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Whitfield Clinic, Cork Road, Waterford


Hip Arthritis

Hip arthritis is a very painful and disabling condition. Typically, the smooth lining of the hip joint (cartilage) is lost, resulting in the painful rubbing of bone on bone.

Non-Surgical Treatments

The non-surgical treatments for hip osteoarthritis are limited. Weight loss is very important. Physiotherapy can also help to strengthen your hip muscles and help maintain your range of motion. Appropriate use of painkillers is vital; starting with Paracetamol as required, increasing to more regular usage, and ultimately with the addition of an anti-inflammatory under the guidance of your family doctor. Hip replacement is only recommended when the level of pain is affecting your quality of life.

Surgical Treatments

Total Hip Replacement

A total hip replacement is when the socket of the hip joint (the acetabulum) and the top of the femur (the femoral head) are replaced with a new socket and head (a ball in socket joint). By replacing the bone rubbing on bone, the pain should be alleviated. Thankfully, 95% of patients are satisfied with their hip replacement operation. However, there is a 5% (or 1 in 20) risk of a complication with hip replacement surgery.

Complications of Total Hip Replacement Surgery:

Infection is a potentially very serious complication and can occur in 1% of patients. We will take all possible steps to limit your infection risk. It is important that you tell us of any infections you may be carrying, such as a urinary tract infection, tooth abscess or painful in-growing toe nails. All infections need to be treated prior to surgery.

Dislocation occurs in 1 – 2% of patients. This is when the ball pops out of the socket. We spend a lot of time showing you the correct way to move, dress, etc. Crutches are very important for the initial six weeks, to help you balance and avoid putting all your weight through the new hip.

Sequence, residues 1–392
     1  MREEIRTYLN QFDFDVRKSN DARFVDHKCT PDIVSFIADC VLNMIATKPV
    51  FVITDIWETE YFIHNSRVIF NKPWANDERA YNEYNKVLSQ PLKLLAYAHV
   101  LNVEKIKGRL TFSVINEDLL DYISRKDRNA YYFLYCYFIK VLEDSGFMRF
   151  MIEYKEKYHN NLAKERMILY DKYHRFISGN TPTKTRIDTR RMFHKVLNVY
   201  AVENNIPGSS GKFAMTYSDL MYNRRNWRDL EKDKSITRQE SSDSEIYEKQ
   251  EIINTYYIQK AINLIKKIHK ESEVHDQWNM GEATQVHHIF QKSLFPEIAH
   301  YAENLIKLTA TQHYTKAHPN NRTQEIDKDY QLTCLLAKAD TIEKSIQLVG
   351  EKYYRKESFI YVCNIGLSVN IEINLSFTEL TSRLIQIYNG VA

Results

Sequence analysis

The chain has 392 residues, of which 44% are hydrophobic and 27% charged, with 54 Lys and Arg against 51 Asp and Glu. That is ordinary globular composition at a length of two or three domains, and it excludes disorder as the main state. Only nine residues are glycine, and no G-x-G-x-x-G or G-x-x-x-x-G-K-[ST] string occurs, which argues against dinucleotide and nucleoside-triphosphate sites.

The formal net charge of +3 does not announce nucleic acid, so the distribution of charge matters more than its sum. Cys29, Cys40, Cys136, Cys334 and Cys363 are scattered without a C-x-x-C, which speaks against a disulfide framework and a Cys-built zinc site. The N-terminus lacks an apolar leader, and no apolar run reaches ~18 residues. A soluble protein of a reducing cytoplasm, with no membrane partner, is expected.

Venous Thrombosis (leg clots) which can travel to your lungs (pulmonary embolus) occur in less than 1% of patients. We prescribe Aspirin 150mg daily to take for 4 weeks, and encourage early active movement to reduce the risk of a clot.

Leg Length Discrepancy (one leg longer than the other) can occur after hip replacement. Typically the arthritic hip shortens the affected leg, and on occasion, it can be difficult to restore your legs to equal length. Heel lifts either on or in shoes are sometimes necessary to equalise your leg lengths after surgery.

Wear and tear of your new mechanical hip joint eventually happens over time. The current literature suggests that 90% of hip implants are expected to survive for 15 years, with the wear rate slightly increasing thereafter.

Revision Hip Replacement

Revision hip replacement is when part or all of your prosthetic hip needs to be revised or replaced. Failure typically arises from normal wear and tear of the implant over time. Other reasons for revision surgery are if the hip replacement was unstable (causing recurrent dislocations), loose in the bone (causing residual ongoing pain) or if the implant became infected and needed to be removed.

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